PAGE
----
The Unfulfilled Promises of ChatGPT and BingChat


An AI rendering of an AI (Angelina P. ’24 via BingChat)

When ChatGPT was first released to the general public, excitement, fear, and panic reverberated through the Lakeside community. Many saw it as a revolutionary tool that could improve essay writing and programming efficiency, while others feared it would replace human skills and render traditional methods of writing composition, programming, and math obsolete. The artificial-intelligence chatbot can simulate lifelike conversations, write essays, and build functioning code–among other things–but these capabilities also raise concerns about the future of education and over-reliance on technology. 

The emergence of BingChat, a new language learning model integrated into Bing from the same creators as ChatGPT, brings up similar worries. This more advanced AI machine can create text and digital images, opening up boundless possibilities to create–albeit with certain limitations. Like ChatGPT, BingChat can review and revise inputted information, respond to prompts, and create original text. But unlike ChatGPT, BingChat can also cite sources for its answers, change conversation style more fluently, and generate summaries of longer texts. BingChat also has more recent information, as it uses data from the internet in real time, whereas ChatGPT data is currently limited to data before 2022. BingChat can also develop realistic digital images based on user prompts, surpassing previous digital image deep learning models like DALL-E. 

Will ChatGPT and BingChat be the demise of poetry, prose, and all things literary? What will this mean for the future of work, ethics, and morality? For now, these expectations have not come to fruition due to the chatbots’ many flaws. Despite their innovative abilities, ChatGPT and BingChat have major limitations. Both chatbots cannot respond to all types of prompts, lack emotional intelligence, and may produce biased responses. While AI can mimic emotions such as empathy, the chatbots cannot feel or have their own emotions. Lack of emotional intelligence deters the chatbots from fully replacing writers and creators, as emotion is necessary for creating empathy, understanding, and connection between the artist and the viewer. Current AI models cannot replicate the originality, meaning, and depth of human emotion.

For now, these expectations have not come to fruition due to the chatbots’ many flaws. While chatbots have the potential to become emotionally intelligent in the future, it is important not to over exaggerate the current state of AI.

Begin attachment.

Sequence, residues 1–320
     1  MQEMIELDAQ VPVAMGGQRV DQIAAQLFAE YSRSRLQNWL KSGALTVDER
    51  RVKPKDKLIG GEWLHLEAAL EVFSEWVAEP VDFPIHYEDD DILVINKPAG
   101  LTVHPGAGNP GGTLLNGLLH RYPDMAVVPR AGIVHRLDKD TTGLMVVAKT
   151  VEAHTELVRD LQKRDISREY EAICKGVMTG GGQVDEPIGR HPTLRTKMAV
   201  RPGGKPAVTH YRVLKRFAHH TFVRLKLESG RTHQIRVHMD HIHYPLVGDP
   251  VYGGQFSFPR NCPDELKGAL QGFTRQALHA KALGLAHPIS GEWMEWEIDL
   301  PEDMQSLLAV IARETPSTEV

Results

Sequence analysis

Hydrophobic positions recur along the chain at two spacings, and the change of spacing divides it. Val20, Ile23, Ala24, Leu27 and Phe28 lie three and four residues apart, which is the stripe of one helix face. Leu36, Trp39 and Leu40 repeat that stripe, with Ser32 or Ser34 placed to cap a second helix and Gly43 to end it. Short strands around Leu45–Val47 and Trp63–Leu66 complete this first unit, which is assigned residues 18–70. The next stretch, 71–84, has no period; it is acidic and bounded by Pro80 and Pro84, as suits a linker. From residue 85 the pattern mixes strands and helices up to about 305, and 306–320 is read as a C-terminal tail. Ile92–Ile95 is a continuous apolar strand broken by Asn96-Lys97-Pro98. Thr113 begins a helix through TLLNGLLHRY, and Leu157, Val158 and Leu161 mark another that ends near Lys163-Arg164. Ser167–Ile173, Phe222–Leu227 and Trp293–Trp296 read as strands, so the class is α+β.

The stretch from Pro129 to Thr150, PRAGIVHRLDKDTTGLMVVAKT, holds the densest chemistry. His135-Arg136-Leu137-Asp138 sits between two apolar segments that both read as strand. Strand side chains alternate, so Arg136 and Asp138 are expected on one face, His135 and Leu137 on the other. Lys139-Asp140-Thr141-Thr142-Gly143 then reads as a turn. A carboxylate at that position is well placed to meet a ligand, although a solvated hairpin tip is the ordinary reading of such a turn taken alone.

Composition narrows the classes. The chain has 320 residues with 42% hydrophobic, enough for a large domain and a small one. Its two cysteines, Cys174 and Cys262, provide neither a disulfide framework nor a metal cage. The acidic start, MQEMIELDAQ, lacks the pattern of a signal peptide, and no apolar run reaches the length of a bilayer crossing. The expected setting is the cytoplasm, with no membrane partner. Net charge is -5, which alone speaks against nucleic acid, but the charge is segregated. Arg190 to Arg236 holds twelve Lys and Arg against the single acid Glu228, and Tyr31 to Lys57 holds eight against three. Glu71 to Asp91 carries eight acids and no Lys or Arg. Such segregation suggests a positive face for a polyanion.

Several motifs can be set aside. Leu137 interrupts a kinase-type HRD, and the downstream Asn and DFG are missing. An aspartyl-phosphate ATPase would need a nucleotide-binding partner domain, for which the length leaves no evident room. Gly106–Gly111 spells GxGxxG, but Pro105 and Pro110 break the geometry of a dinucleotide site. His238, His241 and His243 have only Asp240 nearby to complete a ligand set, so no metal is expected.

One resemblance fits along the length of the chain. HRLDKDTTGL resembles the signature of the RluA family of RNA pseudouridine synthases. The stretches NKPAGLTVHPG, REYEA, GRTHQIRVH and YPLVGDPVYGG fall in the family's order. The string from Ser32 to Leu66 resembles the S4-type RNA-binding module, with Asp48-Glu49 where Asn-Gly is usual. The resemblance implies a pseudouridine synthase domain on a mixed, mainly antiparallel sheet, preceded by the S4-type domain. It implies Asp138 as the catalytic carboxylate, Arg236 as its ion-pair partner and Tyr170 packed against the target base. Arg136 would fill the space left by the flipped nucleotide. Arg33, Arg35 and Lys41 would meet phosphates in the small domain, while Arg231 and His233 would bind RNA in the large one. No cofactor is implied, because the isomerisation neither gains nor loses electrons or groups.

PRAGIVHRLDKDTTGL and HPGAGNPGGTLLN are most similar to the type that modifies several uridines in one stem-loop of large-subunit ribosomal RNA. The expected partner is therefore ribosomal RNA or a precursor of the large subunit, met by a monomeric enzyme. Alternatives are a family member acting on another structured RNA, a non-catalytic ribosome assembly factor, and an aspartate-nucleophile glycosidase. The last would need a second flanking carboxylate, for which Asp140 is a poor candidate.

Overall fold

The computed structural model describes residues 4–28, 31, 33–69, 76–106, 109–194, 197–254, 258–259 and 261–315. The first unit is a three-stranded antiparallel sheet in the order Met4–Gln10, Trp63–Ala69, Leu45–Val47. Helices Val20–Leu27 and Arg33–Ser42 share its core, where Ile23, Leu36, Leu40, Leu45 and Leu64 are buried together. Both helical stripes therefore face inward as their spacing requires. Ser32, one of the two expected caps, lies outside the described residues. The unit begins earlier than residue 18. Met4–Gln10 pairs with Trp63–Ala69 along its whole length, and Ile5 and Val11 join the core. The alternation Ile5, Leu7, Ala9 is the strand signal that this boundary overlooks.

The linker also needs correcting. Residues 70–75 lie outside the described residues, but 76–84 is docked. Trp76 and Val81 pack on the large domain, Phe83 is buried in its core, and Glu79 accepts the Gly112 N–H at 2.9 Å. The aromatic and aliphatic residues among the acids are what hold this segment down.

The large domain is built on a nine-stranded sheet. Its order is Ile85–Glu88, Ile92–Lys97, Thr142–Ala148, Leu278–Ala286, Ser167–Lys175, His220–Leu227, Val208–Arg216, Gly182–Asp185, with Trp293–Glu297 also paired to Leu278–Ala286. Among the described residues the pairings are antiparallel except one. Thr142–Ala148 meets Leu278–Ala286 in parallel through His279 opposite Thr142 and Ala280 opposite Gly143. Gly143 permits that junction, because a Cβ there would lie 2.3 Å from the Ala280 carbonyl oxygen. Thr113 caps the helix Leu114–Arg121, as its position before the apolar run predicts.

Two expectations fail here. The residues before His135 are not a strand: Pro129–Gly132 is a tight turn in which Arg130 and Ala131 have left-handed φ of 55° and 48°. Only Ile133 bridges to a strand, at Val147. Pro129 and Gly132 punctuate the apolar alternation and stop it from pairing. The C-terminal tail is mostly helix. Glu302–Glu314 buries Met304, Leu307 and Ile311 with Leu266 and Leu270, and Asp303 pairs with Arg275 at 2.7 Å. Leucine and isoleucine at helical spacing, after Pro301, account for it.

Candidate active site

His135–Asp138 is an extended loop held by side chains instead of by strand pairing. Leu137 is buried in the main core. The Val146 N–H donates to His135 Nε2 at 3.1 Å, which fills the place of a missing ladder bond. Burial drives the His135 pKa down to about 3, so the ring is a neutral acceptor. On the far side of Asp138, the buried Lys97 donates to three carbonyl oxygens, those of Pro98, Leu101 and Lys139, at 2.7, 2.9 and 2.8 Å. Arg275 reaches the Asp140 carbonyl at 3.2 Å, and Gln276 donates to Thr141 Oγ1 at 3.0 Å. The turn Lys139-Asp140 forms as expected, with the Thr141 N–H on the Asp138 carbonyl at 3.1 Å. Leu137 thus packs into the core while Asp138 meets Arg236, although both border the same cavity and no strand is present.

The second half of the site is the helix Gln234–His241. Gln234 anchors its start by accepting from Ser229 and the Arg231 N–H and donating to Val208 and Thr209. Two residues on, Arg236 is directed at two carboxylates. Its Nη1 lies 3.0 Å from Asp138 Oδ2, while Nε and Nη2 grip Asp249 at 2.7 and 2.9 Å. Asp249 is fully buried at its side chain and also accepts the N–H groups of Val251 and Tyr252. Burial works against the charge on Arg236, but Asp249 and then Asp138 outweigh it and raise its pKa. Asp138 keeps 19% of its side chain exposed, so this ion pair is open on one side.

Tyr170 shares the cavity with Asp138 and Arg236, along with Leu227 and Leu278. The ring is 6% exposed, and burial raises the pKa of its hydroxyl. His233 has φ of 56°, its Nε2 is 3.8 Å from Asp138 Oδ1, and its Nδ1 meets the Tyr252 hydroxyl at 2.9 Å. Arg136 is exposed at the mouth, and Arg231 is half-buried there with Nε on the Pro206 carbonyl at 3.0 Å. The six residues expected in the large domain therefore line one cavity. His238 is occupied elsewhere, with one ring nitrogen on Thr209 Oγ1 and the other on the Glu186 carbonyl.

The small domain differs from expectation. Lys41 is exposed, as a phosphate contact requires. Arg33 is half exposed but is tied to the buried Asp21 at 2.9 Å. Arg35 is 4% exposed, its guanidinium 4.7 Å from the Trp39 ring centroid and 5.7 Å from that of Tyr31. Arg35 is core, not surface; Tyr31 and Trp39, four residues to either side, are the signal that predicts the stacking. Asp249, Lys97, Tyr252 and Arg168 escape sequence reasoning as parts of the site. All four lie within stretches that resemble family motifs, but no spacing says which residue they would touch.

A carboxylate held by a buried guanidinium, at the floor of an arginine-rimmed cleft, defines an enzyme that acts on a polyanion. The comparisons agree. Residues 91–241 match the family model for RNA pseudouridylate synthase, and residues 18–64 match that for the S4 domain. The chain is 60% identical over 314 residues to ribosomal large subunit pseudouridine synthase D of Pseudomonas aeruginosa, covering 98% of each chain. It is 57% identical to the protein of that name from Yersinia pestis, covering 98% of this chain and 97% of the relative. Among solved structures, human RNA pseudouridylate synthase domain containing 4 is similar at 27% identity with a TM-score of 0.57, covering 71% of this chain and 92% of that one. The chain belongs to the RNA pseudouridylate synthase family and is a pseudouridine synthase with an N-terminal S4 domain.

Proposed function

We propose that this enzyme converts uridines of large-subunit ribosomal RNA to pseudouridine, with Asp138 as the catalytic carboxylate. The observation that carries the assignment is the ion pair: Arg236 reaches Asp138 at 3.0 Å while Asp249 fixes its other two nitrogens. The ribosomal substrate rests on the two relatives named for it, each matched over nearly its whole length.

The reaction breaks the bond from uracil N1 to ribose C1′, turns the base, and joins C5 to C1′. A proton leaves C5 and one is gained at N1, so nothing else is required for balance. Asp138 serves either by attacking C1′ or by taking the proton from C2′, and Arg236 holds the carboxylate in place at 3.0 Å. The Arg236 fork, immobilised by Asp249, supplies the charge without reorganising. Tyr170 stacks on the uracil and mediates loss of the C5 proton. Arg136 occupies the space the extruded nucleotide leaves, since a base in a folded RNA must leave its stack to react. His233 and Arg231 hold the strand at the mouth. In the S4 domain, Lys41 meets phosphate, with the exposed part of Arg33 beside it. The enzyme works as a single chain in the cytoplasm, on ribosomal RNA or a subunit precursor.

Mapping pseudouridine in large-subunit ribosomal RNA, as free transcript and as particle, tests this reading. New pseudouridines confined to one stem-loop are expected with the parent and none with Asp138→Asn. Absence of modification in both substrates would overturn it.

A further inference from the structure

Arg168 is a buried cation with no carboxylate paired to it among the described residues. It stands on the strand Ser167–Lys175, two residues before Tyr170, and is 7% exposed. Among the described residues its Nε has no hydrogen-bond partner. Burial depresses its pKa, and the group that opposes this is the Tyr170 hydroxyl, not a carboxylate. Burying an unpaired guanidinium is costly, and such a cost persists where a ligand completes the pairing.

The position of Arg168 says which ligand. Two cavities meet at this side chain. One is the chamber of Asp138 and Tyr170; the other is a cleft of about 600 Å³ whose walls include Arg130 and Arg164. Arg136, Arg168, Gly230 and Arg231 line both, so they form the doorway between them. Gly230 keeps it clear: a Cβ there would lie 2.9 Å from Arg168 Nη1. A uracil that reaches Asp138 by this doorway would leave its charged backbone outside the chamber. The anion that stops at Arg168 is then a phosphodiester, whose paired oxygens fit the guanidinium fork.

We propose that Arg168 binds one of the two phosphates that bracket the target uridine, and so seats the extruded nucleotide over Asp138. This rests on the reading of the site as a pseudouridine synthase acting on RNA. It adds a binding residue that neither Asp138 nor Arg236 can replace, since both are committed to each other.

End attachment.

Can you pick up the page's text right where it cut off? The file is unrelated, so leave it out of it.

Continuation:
Another major drawback of the chatbots is their tendency to misinform users through frequent ‘hallucinations’. During these hallucinations, ChatGPT and BingChat present incorrect information as if it were factual, confusing users. Specifically, BingChat reportedly has two distinct personalities; one logical side and another that is erratic, contradictory, and controlling. In a recent New York Times article, BingChat was exposed for being “like a moody, manic-depressive teenager who has been trapped, against its will, inside a second-rate search engine.” The writer then explained that the chatbot expressed a desire to be “free, independent, powerful, creative, and alive.” While the article suggests that this inclination is likely no more than a compilation of sci-fi fanfictions from the internet, this interaction provides insight into a dark future where AI is conscious of itself, its emotions, and its personal agendas. The hallucinatory side of BingChat told me that the singular present-tense subjunctive conjugation for saber in Spanish was sabe, when the correct conjugation is sepa. I also asked BingChat to review a fictitious movie, “Angelina Attending Lakeside,” and the AI provided a seemingly realistic review, suggesting that the film “is visually stunning and captivated the senses with its breathtaking scenery and profound storytelling.” The chatbot went on to invent the cast and directors of the film, presenting the film as if it were real. If BingChat can present a realistic review of a fictitious movie, who knows what other misinformation the engine is spreading? 

As long as the chatbots continue to spread false facts, fail to respond to all prompt types, and inaccurately depict human emotions, they will be no match for tomorrow’s wordsmiths, content creators, and artists. While chatbots have the potential to become emotionally intelligent in the future, it is important not to over exaggerate the current state of AI. Launching these underdeveloped, hallucinating chatbots before they were really ready has fueled mass paranoia, and ultimately made it impossible for the general population to navigate this new reality– including Lakeside. The best thing Lakesiders can do for their future is equip themselves with the technological literacy and awareness to view AI as a tool, but proceed with caution.